posted by xo at 3:27 PM on May 14 [16 favorites]

Serve vegetables 1st, when he's hungriest. A tiny amount of dressing makes raw veg more appealing. Try cucumber, red peppers, cut up cabbage, all sweet and appealing. Roast veg get quite sweet, just cut way back on salt. i'd get pretty cranky about the food throwing and tell him You may not want that tasty carrot, but we don't waste food; I'll have it. My ex- and I both like vegetables, eat lots of them with evident enjoyment; I think that's the biggest reason my son loves veg. I thought he didn't like sweet potatoes and was having a baked sweet potato with butter, salt, pepper, for my dinner; he arrived home from his Dad's, asked for a taste, ate the whole thing. Just keep serving delicious veg. if he has specific vegetables he dislikes, that's fair. Not everybody loves tomatoes; I can't think why.
posted by theora55 at 3:31 PM on May 14 [2 favorites]

I agree completely with juniperesque, and I also want to say, don't worry. My second child was extremely picky from about 12 months and onward, she lived on the cheapest apple juice + butter on crackers for ages (more than a year), and then expanded her range to include cheap ham on mayo on crackers. She didn't like anything nourishing, not even quality juice or meat. And then one day it suddenly stopped, and she literally ate everything. I remember having to bring her to a business lunch shortly after she changed her mind about food, and she occupied herself very well by quietly eating a whole adult serving of moules mariniere. I know that's not a veg, I just want to point out how extreme the turn was. Her favorite veg after that was broccoli, of all things.
There was no damage to her health at all, not even her teeth. Today she is 6 feet tall and doing fine.

While she was picky, we just sat her at the table for our normal meals, offered her what we were eating, and didn't comment or pressure her. We could probably have gotten faster results if she hadn't had the option of crackers and cheap juice in the first place, and I don't remember how they even appeared, we normally don't have stuff like that. I suppose it must have been a travel situation or something. What you really don't want to do is to accommodate the pickiness by becoming "a short order cook", or adapting your normal food choices to toddler taste.

Also, what xo is saying. I heard Samin Nosrat on a podcast saying that when she grew up, rice was the main, meat was an accent. I've heard something similar from a Jain friend. Think about how you think of vegetables. Maybe have days where vegetables are the main, make eggplant parmigiana, or oven-roasted vegetables with a salad side, or vegetables stuffed with rice.

One thing you can consider is how you present the vegetables. I personally love whole spinach, lightly cooked. My kids hated that when they were small, and when I thought about it, I remembered that there is a consistency thing that is hard to deal with for a small child. So they got chopped, creamed spinach which they loved and from there they gradually were able to move on to more challenging forms. Also kids should eat relatively much more fat than adults, so you can pile on the butter and cream. I mashed broccoli into the potatoes with a good lump of butter, and that sometimes worked even during the picky days.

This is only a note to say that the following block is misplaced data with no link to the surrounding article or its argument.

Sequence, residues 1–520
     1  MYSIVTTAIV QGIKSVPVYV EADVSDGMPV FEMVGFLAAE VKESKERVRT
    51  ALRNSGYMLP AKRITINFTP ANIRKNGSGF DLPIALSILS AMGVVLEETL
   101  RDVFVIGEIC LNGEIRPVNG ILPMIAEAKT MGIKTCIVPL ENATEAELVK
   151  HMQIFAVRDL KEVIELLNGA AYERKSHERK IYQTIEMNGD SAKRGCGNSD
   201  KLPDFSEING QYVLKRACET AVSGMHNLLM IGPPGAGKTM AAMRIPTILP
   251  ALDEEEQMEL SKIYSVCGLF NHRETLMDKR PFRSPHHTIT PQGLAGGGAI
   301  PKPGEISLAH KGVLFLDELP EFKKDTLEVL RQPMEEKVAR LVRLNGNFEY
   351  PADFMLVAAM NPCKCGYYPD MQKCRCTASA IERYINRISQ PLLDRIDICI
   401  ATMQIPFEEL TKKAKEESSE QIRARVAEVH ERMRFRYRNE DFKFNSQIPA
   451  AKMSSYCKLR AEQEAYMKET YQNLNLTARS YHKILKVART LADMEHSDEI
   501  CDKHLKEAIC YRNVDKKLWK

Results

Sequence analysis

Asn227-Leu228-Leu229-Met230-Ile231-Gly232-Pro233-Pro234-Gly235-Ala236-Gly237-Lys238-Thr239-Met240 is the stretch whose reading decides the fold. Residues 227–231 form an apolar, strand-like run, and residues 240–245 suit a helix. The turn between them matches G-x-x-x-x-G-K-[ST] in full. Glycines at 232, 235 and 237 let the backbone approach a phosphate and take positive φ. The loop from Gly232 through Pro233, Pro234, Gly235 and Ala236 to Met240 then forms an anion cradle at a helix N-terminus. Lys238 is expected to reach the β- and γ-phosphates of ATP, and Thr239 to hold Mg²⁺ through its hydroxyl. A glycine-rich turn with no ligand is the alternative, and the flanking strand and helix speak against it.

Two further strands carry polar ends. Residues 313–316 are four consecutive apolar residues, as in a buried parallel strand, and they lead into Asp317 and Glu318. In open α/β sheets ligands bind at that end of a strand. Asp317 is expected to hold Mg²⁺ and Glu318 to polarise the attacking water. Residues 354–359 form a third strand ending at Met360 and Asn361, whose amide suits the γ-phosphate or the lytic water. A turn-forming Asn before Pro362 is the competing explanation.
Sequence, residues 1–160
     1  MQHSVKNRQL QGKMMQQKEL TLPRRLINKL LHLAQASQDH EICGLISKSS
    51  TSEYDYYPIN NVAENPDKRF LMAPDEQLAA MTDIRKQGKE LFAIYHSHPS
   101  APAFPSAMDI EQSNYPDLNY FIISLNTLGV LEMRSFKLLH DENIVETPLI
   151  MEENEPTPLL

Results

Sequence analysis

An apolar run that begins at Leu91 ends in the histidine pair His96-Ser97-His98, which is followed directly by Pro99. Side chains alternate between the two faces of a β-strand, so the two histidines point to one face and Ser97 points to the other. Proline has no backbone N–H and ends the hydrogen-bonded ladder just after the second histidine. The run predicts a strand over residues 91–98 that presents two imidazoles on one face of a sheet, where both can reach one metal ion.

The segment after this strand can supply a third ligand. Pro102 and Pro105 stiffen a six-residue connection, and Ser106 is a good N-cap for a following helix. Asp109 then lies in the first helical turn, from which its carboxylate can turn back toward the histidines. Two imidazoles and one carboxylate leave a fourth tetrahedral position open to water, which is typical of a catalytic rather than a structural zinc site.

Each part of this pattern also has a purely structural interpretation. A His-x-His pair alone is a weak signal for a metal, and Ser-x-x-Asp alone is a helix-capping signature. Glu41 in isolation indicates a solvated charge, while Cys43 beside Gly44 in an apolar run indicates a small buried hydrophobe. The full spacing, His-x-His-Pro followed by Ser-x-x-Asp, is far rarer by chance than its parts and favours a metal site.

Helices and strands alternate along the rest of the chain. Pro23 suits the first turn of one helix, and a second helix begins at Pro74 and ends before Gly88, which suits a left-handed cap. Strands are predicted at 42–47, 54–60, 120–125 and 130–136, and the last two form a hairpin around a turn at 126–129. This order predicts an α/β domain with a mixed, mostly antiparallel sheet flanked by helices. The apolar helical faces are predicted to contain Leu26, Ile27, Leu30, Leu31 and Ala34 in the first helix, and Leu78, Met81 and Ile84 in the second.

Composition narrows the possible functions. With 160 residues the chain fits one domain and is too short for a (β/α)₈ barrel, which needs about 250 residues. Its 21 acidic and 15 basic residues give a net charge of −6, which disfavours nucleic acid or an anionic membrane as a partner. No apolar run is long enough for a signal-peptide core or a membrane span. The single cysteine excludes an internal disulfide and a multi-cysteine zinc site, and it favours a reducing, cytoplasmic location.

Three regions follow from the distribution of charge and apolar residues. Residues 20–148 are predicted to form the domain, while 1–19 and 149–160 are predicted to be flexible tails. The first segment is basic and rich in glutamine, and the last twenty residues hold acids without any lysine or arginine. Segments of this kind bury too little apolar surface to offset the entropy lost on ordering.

A food I think was a bridge was alfabet soup. Actually it was a thick minestrone, but with alfabet pasta, it could have been animal pasta. Serving soup to a toddler requires easy to clean surfaces and patience, but it was fun, too. The trick is to only offer a thimble of soup at a time with lots of cheese on top. During the picky times, she only ate that little thimble-full, but later it became a staple. Apart from struggling with a spoon, it's fun to dip bread in the soup. It's important that the vegetables are cut into very small dice. Stews with mashed potatoes can have some of the same magic, a good stew can have 80 -100 % vegetables.

Back then, while I was cooking, I'd put frozen peas, carrot sticks, cucumber sticks, cherry tomatoes and a dip (hummus or yogurt with herbs) on the table with no comment. The kids would sit at the table in their chairs with crayons and maybe some story on the CD player (this was long ago) All the vegs would usually be eaten by the time we were ready for dinner.

Finally, try things that are completely out of the box. My first child was an omnivore from the outset and never stopped. And because we were young and I never read all the books, we'd offer her anything. Her first favorite food was green olive tapenade. She liked pesto, too, and marinated raw mushrooms, and chocolate with truffle bits (we shopped at an Italian deli, and they gave her a truffle chocolate every time we went there, because they thought it was hilarious). I heard recently that babies love umami taste as much as sugar, so specially with a little meat eater, that may be what you are looking for.